Jul 08 2009
Explanation: In his famous dissent in Plessy v. Ferguson, 163 U.S. 537 (1896), Justice Harlan wrote that "‘our Constitution is color-blind, and neither knows nor tolerates classes among citizens. In respect of civil rights, all citizens are equal before the law." This powerful concept reflects the essence of the Constitution's guarantee of Equal Protection of the laws: The Government should not treat people differently on account of race.
Judge Sotomayor's record raises the question of whether she agrees with this aspiration. First, Judge Sotomayor has suggested that there may be "inherent physiological . . . differences" among individuals of different races and ethnicities. She has also suggested that the vision of colorblindness is in "perpetual tension" with the value of ethnic diversity. See Sonia Sotomayor, A Latina Judge's Voice, 13 Berkeley La Raza L.J. 87 (2002). Second, Judge Sotomayor joined the opinion blocking the New Haven firefighters' lawsuit in Ricci v. DeStefano - an opinion that the Supreme Court reversed just this week on the ground that New Haven's conduct was "antithetical to the notion of a workplace where individuals are guaranteed equal opportunity regardless of race."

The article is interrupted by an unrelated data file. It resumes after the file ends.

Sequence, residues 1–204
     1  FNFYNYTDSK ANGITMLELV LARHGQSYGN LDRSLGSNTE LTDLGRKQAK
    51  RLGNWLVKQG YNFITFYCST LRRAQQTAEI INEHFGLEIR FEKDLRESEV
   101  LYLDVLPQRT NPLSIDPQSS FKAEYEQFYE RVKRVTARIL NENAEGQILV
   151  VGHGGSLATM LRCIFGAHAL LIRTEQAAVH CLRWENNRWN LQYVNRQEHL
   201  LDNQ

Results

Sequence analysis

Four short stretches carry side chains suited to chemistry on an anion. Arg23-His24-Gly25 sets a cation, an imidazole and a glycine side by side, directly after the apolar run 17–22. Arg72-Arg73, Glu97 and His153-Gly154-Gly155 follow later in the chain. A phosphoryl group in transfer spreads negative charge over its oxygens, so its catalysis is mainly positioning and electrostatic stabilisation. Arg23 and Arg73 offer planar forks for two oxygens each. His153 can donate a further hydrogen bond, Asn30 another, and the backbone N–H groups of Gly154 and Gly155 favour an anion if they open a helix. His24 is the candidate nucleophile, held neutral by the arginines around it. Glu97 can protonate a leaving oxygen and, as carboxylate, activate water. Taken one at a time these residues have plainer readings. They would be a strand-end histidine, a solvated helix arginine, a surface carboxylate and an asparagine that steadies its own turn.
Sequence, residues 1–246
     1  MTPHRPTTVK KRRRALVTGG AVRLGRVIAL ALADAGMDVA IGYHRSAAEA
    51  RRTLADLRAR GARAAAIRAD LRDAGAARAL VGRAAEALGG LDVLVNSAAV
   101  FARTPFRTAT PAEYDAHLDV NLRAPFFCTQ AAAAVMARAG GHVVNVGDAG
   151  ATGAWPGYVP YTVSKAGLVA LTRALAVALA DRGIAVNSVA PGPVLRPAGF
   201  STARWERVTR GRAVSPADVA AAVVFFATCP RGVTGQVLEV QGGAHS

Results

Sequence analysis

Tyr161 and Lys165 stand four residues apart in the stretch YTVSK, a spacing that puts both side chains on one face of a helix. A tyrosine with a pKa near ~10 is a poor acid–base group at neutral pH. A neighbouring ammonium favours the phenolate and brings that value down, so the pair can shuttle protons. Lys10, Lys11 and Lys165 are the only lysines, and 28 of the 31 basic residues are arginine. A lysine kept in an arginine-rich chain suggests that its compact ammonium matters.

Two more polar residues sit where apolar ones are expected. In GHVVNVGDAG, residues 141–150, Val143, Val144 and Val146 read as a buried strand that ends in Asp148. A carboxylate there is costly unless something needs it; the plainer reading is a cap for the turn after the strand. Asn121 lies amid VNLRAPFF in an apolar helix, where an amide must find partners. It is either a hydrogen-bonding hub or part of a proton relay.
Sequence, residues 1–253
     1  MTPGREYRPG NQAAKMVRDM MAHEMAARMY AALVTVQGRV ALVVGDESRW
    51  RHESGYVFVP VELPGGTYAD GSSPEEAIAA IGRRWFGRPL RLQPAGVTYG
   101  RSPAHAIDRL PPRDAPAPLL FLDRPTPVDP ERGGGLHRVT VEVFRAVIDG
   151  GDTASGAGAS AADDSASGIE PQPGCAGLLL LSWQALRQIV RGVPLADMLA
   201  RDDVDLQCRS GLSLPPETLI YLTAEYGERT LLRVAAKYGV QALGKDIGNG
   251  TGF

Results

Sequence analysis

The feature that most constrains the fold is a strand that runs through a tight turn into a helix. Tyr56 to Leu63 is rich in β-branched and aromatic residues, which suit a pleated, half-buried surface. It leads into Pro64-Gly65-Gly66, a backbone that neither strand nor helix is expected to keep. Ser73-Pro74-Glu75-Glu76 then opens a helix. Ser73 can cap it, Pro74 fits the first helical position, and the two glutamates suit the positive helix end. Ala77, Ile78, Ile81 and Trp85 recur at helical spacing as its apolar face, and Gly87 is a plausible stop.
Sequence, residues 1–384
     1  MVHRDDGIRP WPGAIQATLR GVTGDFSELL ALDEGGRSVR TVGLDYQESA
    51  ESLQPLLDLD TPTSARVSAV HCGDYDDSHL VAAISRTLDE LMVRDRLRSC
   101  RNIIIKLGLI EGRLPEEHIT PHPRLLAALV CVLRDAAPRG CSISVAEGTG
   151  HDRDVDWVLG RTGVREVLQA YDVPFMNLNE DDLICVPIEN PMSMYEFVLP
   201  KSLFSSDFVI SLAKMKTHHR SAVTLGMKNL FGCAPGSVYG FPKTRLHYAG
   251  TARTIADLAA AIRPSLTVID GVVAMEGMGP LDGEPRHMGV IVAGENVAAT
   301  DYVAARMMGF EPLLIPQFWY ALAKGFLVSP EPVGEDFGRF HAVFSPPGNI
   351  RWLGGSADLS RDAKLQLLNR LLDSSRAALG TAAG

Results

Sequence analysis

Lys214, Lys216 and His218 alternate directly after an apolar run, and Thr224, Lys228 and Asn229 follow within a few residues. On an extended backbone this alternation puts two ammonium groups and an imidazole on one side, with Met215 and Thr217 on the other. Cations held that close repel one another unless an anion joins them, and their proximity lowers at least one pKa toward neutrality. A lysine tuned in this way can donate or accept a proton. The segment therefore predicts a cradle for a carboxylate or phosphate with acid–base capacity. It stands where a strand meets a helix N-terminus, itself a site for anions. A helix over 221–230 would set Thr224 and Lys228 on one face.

I think Justice Harlan was right: The Constitution is color-blind. In the upcoming hearings, I hope Judge Sotomayor will explain whether she agrees with Justice Harlan or whether she has a different view of the Constitution.
Sen. Cornyn serves on the Finance, Judiciary and Budget Committees. He serves as the top Republican on the Judiciary Committee's Immigration, Refugees and Border Security subcommittee. He served previously as Texas Attorney General, Texas Supreme Court Justice, and Bexar County District Judge.